Toni Erdmann

Toni Erdmann


German comedy-drama about a father trying to reconnect with his adult daughter. Nominated for the Palme d'Or at Cannes 2016.... More

"Practical joker Winfried disguises himself as flashy 'Toni Erdmann' to get busy Ines's attention and change her corporate lifestyle. The father-daughter challenge reaches absurd proportions until Ines begins to see that her eccentric father deserves a place in her life… " (Cannes)Hide

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Flicks Review

From the opening scene, in which our protagonist turns an innocent courier delivery into a work of performance art, this film delivers surprises, shocks and cringe-inducing comedy at an impressive rate.... More

Winfried (Peter Simonischek) is an ageing music teacher with an overactive practical joker gland. His retirement prompts him to visit his estranged daughter Ines (Sandra Hüller), a corporate cold fish working as a strategist for a multinational in Bucharest. The odd-couple manage to cohabitate until dad’s incessant pranksterism drives the workaholic Ines insane and she packs him off to Germany.

That’s when Toni Erdmann comes in, he’s Winfried’s alter ego, aided by a disgusting set of prosthetic teeth and industrial-strength bullshitting. He poses as the life coach of his daughter’s CEO, and embarks on a hilarious gate crash of various corporate functions, even passing himself off as a drooling German ambassador. Les Patterson would be proud.

The father/daughter dynamic is the main event here, and it builds to a wonderfully intense conclusion, but the film has many layers, and somehow manages to play as a powerful satire on social dislocation, corporate culture and inequality along the way.

At 162 minutes it may be a touch ambitious, and yes, Toni will eventually drive you mad, but like his daughter you’ll eventually forgive the testing moments of exasperation. I struggle to think of other films that capture the same magic, but as I watched I pondered the Coen Brothers, Jacques Tati, and Ricky Gervais. Director Maren Ade and her stars Simonischek and Hüller have played a blinder.Hide

The Peoples' Reviews

Average ratings from 3 ratings, 2 reviews
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BY cinemusefilm superstar

Parent-child conflict is a universal theme that can be spun into an infinite variety of narrative fabrics and colours. For mothers, it is often treated as an angst-ridden melodrama while for fathers it is usually a comedy. Each relationship mix has its own tropes and conventions but the German-Austrian film Toni Erdman (2016) is far from being a genre film. It is a stream of consciousness comedic study of the father-daughter bond that is quirky, insightful and strangely moving.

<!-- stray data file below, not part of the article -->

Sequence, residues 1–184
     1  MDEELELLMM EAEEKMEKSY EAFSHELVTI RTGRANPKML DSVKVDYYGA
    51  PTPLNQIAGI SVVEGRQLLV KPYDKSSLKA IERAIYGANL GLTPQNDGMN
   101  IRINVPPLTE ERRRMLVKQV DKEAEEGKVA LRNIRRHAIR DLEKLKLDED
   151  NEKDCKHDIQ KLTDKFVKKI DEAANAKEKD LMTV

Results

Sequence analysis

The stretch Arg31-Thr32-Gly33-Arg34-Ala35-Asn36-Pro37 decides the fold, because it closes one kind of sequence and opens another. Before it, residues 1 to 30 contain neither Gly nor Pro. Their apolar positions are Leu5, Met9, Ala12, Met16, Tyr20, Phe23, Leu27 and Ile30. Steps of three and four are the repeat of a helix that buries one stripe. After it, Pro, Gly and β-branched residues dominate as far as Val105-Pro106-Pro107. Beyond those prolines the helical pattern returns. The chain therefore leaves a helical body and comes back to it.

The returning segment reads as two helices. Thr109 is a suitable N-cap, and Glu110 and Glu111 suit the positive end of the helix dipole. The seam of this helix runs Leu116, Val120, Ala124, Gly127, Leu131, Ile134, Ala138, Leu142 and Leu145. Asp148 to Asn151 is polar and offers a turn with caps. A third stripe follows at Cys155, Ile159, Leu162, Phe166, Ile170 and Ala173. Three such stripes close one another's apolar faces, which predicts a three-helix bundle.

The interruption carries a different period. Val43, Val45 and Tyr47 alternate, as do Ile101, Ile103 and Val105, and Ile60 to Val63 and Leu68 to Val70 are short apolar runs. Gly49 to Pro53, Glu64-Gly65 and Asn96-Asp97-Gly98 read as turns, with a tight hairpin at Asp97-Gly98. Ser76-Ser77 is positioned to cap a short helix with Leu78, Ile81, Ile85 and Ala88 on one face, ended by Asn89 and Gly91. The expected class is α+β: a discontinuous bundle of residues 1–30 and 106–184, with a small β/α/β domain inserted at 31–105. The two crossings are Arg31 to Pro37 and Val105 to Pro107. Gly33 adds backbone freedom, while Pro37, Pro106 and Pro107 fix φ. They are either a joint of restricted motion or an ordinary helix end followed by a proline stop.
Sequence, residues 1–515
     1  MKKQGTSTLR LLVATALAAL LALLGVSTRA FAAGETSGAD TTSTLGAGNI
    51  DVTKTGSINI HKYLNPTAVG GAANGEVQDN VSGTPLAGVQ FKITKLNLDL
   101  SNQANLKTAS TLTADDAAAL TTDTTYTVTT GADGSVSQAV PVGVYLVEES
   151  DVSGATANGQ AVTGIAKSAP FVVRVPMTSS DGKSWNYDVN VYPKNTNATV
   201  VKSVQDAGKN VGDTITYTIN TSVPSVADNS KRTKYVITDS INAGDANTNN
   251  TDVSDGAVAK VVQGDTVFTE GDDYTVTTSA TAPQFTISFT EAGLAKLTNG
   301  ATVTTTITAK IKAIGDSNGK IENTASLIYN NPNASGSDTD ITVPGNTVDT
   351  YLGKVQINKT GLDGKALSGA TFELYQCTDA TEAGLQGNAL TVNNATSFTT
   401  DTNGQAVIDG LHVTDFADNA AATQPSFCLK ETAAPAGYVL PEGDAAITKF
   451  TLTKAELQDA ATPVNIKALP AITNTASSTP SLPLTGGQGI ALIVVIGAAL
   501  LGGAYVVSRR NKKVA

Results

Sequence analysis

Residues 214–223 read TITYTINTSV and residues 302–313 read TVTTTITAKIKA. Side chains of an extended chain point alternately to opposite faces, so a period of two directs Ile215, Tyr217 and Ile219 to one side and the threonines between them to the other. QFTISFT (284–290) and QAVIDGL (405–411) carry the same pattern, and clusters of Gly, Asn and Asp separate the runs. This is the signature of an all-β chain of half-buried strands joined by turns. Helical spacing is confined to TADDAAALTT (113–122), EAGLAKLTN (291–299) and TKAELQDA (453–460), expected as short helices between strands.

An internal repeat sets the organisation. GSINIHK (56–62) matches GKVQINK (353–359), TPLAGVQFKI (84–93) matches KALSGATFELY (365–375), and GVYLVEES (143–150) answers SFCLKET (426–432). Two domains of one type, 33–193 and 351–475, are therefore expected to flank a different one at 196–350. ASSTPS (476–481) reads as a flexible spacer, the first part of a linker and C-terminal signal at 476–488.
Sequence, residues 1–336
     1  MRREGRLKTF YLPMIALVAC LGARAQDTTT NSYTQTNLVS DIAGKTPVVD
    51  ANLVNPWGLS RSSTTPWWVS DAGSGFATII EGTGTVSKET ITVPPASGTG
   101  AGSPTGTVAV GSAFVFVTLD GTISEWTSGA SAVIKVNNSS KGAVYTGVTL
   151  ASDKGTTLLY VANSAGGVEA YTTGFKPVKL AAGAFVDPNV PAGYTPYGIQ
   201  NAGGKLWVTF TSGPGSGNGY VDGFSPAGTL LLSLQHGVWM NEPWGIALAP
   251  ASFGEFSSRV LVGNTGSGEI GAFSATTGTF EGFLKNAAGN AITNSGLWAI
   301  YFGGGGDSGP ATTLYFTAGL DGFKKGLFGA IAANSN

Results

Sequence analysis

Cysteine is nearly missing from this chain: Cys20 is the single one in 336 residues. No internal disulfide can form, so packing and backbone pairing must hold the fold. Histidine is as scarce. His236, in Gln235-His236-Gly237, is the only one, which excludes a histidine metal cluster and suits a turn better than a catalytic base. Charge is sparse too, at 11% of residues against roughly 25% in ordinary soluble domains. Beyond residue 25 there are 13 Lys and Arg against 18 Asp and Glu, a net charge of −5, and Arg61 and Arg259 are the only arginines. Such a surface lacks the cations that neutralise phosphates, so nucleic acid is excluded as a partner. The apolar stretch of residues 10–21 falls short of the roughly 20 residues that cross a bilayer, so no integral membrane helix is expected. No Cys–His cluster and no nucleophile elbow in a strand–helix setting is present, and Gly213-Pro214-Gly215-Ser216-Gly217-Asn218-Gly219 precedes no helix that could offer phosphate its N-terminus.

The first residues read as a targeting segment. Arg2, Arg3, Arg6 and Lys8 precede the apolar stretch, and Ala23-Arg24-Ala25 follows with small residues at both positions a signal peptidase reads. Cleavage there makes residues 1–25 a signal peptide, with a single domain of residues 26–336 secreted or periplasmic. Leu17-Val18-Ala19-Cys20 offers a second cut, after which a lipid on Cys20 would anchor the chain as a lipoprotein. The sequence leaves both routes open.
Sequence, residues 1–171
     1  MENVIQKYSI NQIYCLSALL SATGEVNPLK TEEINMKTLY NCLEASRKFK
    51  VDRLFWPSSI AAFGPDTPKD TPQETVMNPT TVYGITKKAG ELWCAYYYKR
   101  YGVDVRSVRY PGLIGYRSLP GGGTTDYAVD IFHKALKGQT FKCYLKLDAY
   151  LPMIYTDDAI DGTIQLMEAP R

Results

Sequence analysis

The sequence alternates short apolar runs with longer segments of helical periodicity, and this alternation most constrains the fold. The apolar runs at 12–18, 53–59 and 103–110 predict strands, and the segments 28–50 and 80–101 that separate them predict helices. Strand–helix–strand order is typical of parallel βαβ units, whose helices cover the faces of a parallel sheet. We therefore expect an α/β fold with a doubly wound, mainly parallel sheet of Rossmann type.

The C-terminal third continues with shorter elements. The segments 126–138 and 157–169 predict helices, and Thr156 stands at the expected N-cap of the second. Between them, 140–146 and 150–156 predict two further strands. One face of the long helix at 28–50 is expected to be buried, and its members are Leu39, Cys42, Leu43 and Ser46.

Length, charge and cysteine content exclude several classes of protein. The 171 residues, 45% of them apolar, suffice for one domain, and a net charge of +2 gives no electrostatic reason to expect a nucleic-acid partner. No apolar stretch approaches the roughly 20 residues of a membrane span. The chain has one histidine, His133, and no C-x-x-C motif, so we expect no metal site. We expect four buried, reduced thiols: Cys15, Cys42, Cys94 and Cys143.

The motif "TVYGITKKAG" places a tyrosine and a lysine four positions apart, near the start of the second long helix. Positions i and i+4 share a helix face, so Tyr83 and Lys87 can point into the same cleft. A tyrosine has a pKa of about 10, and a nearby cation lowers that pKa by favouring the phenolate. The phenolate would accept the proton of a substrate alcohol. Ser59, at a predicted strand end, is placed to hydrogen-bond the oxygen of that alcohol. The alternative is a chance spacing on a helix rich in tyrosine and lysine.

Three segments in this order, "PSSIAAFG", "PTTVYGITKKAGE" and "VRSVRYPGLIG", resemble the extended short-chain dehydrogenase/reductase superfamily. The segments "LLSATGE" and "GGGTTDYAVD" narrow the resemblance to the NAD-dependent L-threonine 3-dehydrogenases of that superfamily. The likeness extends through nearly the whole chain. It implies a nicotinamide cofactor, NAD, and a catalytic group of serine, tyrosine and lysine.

It is hard to... More imagine a more mismatched duo: Winfried Conradi (Peter Simonischek) is the epitome of the irritating reconstructed divorced hippie father. He lives alone, seemingly half a century behind everyone else, and loves his own ‘dad jokes’ and clownish antics. When his beloved dog dies, he wants to re-connect with his corporate consultant daughter Ines (Sandra Huller), but his surprise arrival in her city is inauspicious. She barely acknowledges his presence while continuing to do the things that high-potential upwardly mobile young women do to impress and advance their prospects. From here forward, Winfried wants to save his daughter from a shallow heartless career where firing people, ruining lives, and being fluent in corporate-babble gains respect and reward. Like fathers around the world, he slips into and out of comedic personas to embarrass offspring into self-recognition. His chief alter-ego is Toni Erdmann, alternatively a life coach, Ambassador, or businessman, depending on who Ines introduces him to. In each role, he is able to prick her conscience into seeing herself as the sterile human she has become. In one scene, he tells her boss of a venture where you can hire a daughter to replace one who has no time for you, and in another, he disarms her by asking “are you even human?”. The longer he stays, the more cracks appear in her constructed persona and a softening light peeps through.